The water is flat. I expect to very much dislike being on a tiny boat for 3 hours, but I really don't.
We pull up alongside a heron. This happens a lot. There's lots of herons.
This is a snake bird. He's very useful, because he won't hang about if the water gets contaminated, so his presence is a barometer.
It's ludicrously peaceful, apart from the huge racket the howler monkeys make.
Snowy heron is snowy.
Victor has a great eye. He spots this lizard from so far away, and it takes us all a while to figure out where he is. This needed lots of optical zoom.
The national park was founded in the late 70s, after logging disappeared. 46% of all birds found in Costa Rica have a presence here, along with monkeys, jaguars, tapirs, deer, caiman, otters, ... just loads of stuff. It's a proper bona fide rain forest jungle, after all.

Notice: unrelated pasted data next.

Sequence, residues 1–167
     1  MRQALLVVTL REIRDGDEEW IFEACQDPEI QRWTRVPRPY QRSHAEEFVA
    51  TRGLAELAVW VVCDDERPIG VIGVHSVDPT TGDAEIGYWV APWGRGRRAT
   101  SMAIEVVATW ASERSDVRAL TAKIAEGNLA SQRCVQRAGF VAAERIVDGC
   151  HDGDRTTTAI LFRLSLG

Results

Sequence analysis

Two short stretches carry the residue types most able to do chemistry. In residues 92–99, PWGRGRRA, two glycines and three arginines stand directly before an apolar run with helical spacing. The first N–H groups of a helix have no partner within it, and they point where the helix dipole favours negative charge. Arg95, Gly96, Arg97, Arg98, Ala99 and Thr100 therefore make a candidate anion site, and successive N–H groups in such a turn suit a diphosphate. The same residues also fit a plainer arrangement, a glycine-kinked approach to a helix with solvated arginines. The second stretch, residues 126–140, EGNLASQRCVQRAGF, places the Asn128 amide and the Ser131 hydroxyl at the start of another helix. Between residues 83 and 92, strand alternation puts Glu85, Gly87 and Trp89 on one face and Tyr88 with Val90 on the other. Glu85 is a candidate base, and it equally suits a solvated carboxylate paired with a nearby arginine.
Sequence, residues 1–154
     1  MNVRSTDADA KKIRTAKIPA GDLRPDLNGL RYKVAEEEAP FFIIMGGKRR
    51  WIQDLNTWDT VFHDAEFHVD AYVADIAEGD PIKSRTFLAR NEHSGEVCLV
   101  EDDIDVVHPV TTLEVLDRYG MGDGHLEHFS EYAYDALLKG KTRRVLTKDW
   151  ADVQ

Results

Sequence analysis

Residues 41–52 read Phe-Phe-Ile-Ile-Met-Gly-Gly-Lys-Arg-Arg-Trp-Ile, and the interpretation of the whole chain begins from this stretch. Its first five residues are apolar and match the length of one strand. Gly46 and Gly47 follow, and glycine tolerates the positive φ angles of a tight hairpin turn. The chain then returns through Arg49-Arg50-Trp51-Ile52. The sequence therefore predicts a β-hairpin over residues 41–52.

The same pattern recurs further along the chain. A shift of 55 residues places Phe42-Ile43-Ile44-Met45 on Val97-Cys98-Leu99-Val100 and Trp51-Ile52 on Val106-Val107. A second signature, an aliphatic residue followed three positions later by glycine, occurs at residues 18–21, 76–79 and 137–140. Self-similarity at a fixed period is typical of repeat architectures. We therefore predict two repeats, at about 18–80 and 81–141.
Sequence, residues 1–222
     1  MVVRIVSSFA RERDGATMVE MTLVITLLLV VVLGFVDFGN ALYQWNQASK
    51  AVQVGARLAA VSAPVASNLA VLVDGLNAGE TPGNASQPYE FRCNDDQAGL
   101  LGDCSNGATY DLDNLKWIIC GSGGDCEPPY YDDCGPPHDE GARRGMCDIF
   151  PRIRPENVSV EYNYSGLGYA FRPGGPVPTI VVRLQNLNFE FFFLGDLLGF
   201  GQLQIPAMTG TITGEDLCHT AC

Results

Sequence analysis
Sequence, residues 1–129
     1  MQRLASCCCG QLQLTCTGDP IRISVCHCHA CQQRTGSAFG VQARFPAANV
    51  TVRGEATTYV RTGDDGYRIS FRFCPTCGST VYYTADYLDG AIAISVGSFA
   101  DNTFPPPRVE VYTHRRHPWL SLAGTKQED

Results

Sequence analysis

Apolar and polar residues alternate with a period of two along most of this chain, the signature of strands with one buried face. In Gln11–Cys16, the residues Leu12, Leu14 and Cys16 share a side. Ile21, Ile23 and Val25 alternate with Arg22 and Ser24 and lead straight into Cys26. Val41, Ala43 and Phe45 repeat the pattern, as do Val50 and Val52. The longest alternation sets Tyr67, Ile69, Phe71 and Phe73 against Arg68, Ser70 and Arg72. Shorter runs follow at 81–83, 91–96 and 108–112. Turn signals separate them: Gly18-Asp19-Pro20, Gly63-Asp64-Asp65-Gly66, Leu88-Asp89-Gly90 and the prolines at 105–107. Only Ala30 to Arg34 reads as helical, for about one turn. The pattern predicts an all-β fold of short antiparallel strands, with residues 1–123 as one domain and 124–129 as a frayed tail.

Victor demonstrates a whole load of calls all the way round, trying to attract animals coming out to play. My ignorance is revealed as an animal I previously understood to be a ground dweller is spotted up a tree. Binoculars from the family's dad give us a great view, and optical zoom comes in handy again. It's only a bloody anteater.
This guy's just having a nice bathe in the morning sun.
Sloths want to eat the leaves on this tree, but ants are protecting it. When the sloth turns up, the ants attack - but sloths scratch themselves and that makes them secrete a pheromone which the ants hate, so they bugger off. This leaves the sloth free to get high on the alkaloid heavy leaves.
This is a "blood tree", on account of its red sap.
Lots of time is spent just slowly going through scenery like this. Nice innit.